More and more, enterprises are trusting employees to choose their own mobile devices and operate them in the workplace, and tablets are at the forefront of this movement. Yet with that choice comes certain variables for the enterprise, namely security, compatibility, licensing, and support.
Existing and upcoming Windows tablets offer much of the performance of traditional desktops and laptops, and their security seamlessly integrates with many existing enterprise systems. The myriad options allow users to adopt a tablet that best fits their work, right out of the box.
Here are four questions that a workforce should ask to help focus its search for a tablet best suited to a particular job and that will fit existing enterprise systems. Continue Reading…
SHI continues to expand our mobility services, last month adding Microsoft Surface to our repertoire, and today revealing the immediate availability of the Kindle family to U.S. business, public sector, and academic customers. Specifically, SHI customers can now purchase the Kindle, Kindle Paperwhite, Kindle Fire, Kindle Fire HD, and Kindle Fire HD 8.9,” gaining access to many advanced features, including the ability to securely access corporate networks and join meetings using Skype or WebEx. Customers will also gain access to Whispercast, Amazon’s mobile device management (MDM) solution, for simplified mobile rollouts and management.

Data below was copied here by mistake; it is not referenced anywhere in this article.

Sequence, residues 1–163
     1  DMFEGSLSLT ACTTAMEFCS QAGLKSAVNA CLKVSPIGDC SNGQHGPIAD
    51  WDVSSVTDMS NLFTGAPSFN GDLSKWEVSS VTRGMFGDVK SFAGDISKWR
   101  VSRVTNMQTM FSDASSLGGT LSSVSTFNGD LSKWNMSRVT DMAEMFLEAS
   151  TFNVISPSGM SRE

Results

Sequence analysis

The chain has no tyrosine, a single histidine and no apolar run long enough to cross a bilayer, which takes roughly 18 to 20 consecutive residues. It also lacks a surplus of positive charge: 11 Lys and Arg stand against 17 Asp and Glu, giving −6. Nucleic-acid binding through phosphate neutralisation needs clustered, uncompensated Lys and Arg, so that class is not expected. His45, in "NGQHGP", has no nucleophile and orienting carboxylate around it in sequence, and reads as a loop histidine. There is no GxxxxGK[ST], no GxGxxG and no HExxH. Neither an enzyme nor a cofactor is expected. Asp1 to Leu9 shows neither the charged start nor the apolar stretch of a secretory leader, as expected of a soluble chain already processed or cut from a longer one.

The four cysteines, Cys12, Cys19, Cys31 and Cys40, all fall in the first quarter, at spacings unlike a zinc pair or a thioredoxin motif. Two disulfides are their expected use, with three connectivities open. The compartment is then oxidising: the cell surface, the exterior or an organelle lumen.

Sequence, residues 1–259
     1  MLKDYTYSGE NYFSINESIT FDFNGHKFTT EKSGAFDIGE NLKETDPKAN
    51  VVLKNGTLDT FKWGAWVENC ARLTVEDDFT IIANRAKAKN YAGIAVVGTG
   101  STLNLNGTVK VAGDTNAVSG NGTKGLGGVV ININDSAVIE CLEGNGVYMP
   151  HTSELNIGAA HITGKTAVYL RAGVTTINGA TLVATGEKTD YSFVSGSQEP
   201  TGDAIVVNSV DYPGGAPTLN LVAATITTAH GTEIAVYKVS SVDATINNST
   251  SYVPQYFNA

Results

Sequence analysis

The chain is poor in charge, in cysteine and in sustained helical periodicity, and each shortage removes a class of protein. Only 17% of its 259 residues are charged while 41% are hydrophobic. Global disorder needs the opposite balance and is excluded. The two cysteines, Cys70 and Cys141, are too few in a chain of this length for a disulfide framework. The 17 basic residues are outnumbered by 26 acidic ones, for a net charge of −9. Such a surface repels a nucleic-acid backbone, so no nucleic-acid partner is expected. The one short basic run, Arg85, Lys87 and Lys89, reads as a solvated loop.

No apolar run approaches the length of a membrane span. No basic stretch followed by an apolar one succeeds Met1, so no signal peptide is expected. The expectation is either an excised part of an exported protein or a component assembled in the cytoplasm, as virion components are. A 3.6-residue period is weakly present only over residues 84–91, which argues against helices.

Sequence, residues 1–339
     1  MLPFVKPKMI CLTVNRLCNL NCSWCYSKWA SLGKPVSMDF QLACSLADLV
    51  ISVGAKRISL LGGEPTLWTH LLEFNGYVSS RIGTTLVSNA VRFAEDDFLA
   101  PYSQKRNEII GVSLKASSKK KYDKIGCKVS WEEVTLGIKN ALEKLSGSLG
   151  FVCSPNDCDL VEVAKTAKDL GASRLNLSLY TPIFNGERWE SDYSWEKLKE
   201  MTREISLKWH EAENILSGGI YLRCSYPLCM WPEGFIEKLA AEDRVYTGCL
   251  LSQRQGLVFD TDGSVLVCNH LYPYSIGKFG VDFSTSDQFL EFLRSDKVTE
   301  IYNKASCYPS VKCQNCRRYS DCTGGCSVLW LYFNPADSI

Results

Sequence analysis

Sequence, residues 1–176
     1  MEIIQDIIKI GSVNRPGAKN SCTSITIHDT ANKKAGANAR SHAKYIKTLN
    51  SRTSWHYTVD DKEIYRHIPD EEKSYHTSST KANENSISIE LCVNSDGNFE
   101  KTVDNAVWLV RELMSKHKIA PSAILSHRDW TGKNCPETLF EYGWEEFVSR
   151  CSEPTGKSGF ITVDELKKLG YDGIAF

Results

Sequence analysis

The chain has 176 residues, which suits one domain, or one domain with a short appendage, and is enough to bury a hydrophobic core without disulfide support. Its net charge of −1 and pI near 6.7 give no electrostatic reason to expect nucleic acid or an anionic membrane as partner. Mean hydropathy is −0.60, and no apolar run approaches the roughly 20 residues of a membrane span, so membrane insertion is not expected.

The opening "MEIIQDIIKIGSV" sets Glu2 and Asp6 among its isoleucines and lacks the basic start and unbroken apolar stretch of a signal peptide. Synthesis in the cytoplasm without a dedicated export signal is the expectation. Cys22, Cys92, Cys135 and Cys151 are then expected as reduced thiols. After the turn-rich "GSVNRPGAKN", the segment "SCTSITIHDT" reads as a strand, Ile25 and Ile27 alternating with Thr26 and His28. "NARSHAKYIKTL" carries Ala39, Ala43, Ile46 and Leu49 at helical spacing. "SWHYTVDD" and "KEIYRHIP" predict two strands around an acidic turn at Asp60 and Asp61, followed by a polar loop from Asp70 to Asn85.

The addition of the Kindle family to our portfolio of mobile devices demonstrates SHI’s commitment to equipping customers with the mobile solutions they want and need to be competitive. Call your SHI account rep to discover the mobile devices that will best meet your organization’s requirements.
For the full details of this announcement, please review the press release we issued today.
Earlier today Microsoft revealed that it is expanding Surface’s sales channels and empowering partners to sell both the Surface Pro and Surface RT. Proudly, SHI is one of the first partners to participate in the program, and we already have begun offering Surface Pro 64 GB, Surface Pro 128GB, Surface RT 32GB, and Surface RT 64GB to our customers.